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Putin’s opponent Navalni transferred to hospital after 20 days of hunger strike

After 20 days of hunger strike that sparked a new wave of international criticism and warnings against Russia, Alexei Navalni, opposing President Vladimir Putin, was transferred to a hospital on Monday (19).

According to the Russian prison administration, the state of health of Navalni, 44, is considered “satisfactory” – although the criteria for this assessment are not clear – and the opponent had received, in a consensual manner, a ” vitamin therapy ”.

The opponent announced the start of a hunger strike on March 31, after denouncing that officials at the penal colony where he is imprisoned, 100 km from Moscow, had refused access to adequate medical treatment and adopted practices which he assimilated to torture.

One of Navalni’s lawyers, Alexei Lipster, confirmed the transfer to Reuters news agency. “Yes, he’s there. They won’t refuse to let me find him, but I still couldn’t get in. I’m waiting.”

The apparent concession of the Russian authorities does not arouse optimism among Navalni’s allies. “I think there is no hope of getting any good news about your health today. I think your condition is really close to critical, close to being very serious. Twenty days on hunger strike – that’s a lot, “Liubov Sobol said in an interview with a radio station.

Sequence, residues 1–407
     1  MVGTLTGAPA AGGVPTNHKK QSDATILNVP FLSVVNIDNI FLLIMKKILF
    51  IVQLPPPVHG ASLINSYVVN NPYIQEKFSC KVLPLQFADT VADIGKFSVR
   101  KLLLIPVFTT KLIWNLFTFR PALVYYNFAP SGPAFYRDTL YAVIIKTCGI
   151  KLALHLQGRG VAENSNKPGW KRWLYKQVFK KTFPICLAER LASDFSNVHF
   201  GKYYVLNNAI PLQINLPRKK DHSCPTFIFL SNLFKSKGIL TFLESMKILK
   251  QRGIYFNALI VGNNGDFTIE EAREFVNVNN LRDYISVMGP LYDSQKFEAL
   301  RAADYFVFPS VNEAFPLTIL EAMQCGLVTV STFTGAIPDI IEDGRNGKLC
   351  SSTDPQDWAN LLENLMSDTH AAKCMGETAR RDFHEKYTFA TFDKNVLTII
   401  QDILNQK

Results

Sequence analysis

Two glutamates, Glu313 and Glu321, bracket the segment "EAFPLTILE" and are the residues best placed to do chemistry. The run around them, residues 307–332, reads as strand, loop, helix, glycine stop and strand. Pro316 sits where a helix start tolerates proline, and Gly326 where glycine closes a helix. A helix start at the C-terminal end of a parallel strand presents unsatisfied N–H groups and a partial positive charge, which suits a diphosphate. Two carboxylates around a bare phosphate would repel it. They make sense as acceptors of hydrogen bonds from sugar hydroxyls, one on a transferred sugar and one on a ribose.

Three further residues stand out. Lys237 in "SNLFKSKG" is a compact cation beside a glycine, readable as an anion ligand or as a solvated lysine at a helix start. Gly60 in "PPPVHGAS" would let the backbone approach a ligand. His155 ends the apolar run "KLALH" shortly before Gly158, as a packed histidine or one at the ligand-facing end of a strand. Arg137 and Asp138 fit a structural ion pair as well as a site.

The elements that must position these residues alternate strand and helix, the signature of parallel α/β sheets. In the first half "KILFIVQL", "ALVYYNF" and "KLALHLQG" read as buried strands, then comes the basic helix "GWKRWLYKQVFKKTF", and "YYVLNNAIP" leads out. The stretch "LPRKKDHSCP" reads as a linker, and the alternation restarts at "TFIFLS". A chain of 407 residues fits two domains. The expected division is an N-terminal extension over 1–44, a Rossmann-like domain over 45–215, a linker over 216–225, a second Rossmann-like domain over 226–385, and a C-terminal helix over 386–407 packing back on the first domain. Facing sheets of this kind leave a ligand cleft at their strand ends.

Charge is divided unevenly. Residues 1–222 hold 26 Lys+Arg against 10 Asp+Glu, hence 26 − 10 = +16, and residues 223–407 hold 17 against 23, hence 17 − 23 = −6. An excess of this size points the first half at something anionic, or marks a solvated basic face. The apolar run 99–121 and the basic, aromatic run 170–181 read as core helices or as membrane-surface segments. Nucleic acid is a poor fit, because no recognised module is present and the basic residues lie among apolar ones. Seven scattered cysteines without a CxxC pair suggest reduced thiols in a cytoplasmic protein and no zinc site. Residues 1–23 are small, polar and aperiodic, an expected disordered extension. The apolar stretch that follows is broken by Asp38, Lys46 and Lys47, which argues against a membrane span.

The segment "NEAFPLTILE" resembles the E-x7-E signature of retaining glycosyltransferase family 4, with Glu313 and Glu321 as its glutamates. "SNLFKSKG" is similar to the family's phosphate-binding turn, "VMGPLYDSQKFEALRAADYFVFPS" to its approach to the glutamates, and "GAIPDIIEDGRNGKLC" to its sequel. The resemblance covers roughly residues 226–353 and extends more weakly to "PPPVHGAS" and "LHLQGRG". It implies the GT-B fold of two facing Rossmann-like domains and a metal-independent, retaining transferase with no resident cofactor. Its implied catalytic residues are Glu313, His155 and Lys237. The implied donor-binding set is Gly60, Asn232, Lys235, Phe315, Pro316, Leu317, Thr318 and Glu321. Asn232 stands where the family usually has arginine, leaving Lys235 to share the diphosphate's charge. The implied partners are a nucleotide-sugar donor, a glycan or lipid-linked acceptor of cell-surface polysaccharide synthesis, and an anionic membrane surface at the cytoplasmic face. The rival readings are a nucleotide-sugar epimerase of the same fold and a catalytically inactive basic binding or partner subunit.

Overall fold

For Ivan Zhdanov, head of the Anti-Corruption Foundation created by Putin’s opponent, the transfer “can only be understood as a worsening of Navalni’s condition, which has worsened so much that even the torturer admits it. “.

Last Saturday (17), doctors who follow Navalni from a distance said he could go into cardiac arrest at any time, due to a lack of nutrients in his body.

The alerts kept the international community’s yellow signals on. US President Joe Biden called the activist’s arrest totally unfair. Next, US National Security Advisor Jake Sullivan said in an interview with CNN that “there will be consequences if Navalni dies” and Ned Price, a State Department spokesman, stressed that Russian officials are responsible for the health of the opponent.

The European Union has also taken a stand. In a statement released on Sunday (18), Josep Borrell, the bloc’s foreign minister, called on Russian authorities to grant Navalni “immediate access to trusted health professionals” and again demanded “his immediate release. and unconditional “.

“The Navalni affair is not an isolated incident, but it confirms a negative pattern of less and less space for the opposition, for civil society and for independent voices in the Russian Federation,” the text said.

On Monday, the situation of Putin’s opponent was on the agenda of the European Chancellors’ discussion. Ahead of the meeting, Borrell again said Russia was responsible for Navalni’s health, while other members of the group also spoke out.